Due to business orientation, political factors, and pressure from shareholders, an increasing number of insurance companies have announced or plan to stop providing insurance for fossil fuels. More than 20 companies, representing one-fifth of the insurance industry’s global assets, have left the coal business.

Meanwhile, 43 per cent of the reinsurance market is limited to coal-based generation, including companies such as Swiss Re and Munich Re as well as other insurers and reinsurers such as Allianz, AXIS Capital, Generali, Hannover Re, and Zurich Insurance.

Perhaps, actions from insurers are the most accurate indicator of a fundamental decline in coal credit to cause enormous hardship for coal-dependent countries.

Vietnam started the energy transition early with the promulgation of avoided costs tariffs for renewable energy in 2008 and the feed-in tariff (FiT) for wind power in 2011.

Lately, Vietnam has successfully expanded investment into wind and solar power projects by using strong incentives based on an FiT mechanism.

In general, Vietnam’s energy policy is implemented and perfected through energy and sub-sector development strategies which create a general legal framework for the energy industry and are in line with Vietnam’s socioeconomic development goals in different periods.

Environmental emphasis

To meet the requirements of national energy development in the new context and conditions, in 2020 the Politburo issued Resolution No.55-NQ/TW on the orientation of Vietnam’s national energy development strategy to 2030, with a vision to 2045.

The document raised five groups of goals and 10 main groups of tasks and solutions, which focus on the requirement of ensuring national energy security – a crucial precondition for socioeconomic development – building an energy market quickly and transparently and applying market prices to all forms of energy in the country.

The resolution places emphasis on the need for environmental protection and the economical and efficient use of energy as important national policies and societal responsibilities. Regarding the energy structure, the resolution clearly states the necessity of synchronous and rational development and diversification of energy types.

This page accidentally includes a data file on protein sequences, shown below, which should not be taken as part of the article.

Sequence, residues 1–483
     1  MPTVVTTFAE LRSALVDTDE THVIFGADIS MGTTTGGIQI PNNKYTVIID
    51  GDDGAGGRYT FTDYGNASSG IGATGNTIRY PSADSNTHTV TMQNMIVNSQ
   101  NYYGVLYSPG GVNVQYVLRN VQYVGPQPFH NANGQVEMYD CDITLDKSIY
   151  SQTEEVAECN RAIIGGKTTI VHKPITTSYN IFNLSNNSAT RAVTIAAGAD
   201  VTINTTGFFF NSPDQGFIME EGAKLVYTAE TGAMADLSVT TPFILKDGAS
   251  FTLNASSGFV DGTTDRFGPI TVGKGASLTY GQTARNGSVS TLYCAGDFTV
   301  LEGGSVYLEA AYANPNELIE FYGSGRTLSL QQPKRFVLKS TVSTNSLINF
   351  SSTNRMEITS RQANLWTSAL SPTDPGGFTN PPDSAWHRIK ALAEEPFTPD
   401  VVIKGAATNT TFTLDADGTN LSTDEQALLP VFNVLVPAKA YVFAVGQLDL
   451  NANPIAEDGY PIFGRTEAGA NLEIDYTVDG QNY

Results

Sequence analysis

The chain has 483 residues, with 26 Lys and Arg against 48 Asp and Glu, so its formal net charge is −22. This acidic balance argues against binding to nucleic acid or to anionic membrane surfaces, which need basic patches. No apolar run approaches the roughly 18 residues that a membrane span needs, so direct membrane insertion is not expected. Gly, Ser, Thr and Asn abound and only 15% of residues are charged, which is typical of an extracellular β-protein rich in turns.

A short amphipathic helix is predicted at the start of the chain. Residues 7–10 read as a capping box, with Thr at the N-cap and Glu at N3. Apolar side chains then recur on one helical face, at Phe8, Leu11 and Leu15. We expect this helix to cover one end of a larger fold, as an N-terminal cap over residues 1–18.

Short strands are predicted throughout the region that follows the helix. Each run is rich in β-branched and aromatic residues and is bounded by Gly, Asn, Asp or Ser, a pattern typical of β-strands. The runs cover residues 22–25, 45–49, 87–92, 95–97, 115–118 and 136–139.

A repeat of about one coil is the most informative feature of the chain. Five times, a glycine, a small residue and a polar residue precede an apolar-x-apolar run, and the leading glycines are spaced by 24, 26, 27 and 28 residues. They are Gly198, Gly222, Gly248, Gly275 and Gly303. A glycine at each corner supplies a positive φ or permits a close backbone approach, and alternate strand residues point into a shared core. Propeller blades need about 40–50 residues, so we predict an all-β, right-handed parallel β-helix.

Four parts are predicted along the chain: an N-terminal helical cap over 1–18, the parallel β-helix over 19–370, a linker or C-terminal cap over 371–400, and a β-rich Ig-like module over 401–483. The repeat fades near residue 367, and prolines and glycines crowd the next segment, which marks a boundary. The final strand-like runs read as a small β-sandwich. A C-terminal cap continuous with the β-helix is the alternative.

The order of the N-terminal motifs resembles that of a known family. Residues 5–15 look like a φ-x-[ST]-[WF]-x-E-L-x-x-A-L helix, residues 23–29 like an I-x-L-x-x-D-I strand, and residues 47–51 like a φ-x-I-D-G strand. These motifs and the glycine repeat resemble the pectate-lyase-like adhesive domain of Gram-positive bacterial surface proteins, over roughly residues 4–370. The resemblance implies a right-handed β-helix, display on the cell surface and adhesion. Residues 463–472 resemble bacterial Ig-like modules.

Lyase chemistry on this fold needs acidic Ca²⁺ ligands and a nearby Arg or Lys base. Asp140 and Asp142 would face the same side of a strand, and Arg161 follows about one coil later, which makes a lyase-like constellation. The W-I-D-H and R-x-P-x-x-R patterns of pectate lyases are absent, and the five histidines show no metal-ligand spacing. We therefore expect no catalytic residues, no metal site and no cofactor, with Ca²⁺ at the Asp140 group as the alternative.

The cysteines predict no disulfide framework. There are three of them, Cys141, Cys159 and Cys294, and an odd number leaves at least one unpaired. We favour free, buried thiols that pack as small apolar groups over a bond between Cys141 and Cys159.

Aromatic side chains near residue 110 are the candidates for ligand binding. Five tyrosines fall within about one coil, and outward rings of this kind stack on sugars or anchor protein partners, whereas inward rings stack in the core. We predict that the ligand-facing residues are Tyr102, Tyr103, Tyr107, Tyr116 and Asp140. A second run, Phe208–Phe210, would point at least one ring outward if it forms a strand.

Vietnam’s commitment at COP26 was highly appreciated by the international community. Many countries, international organisations, and development partners have committed and proposed to cooperate to implement this commitment.

Immediately after COP26, the prime minister directed ministries and branches to develop programmes to implement Vietnam’s commitments. The government has established a National Steering Committee, headed by the PM.

In July, the prime minister also issued Decision No.896/QD-TTg approving the National Strategy on Climate Change to 2050. This is the legal form of commitment to a net zero target and stated, “Climate change adaptation and implementation of net-zero emissions are an opportunity for sustainable development and the highest priority.”

Vietnam’s emission targets have been calculated and given specific milestones for each sector. By the end of the decade, renewable energy – including hydroelectricity, wind power, solar power, and biomass – shall account for at least a third of the produced electricity.

By 2050, renewable energy in Vietnam shall account for at least 55 per cent of all total electricity produced.

Southeast Asia’s information platform for energy transition debuts Southeast Asia’s information platform for energy transition debuts

A regional information platform for energy transition SIPET, targeted at professionals, has been launched by the Clean, Affordable, and Secure Energy for Southeast Asia (CASE) to facilitate dialogue and promote coordination in the region’s power sector to support the acceleration of the energy transition in the region.

Meeting Southeast Asian capital and energy needs Meeting Southeast Asian capital and energy needs

With changes in capital markets coming to the forefront of executive agendas, Bain & Company and our partner Rivel, a research firm, recently interviewed 89 investors and analysts about how the energy transition is shaping investment decisions in the energy sector. We found that the transition is squarely at the centre of the agenda for investors, and it shapes perspectives on individual companies and sectors. As a result, the to-dos for executive teams in utilities and in oil and gas are very different.

By Nguyen Anh Dung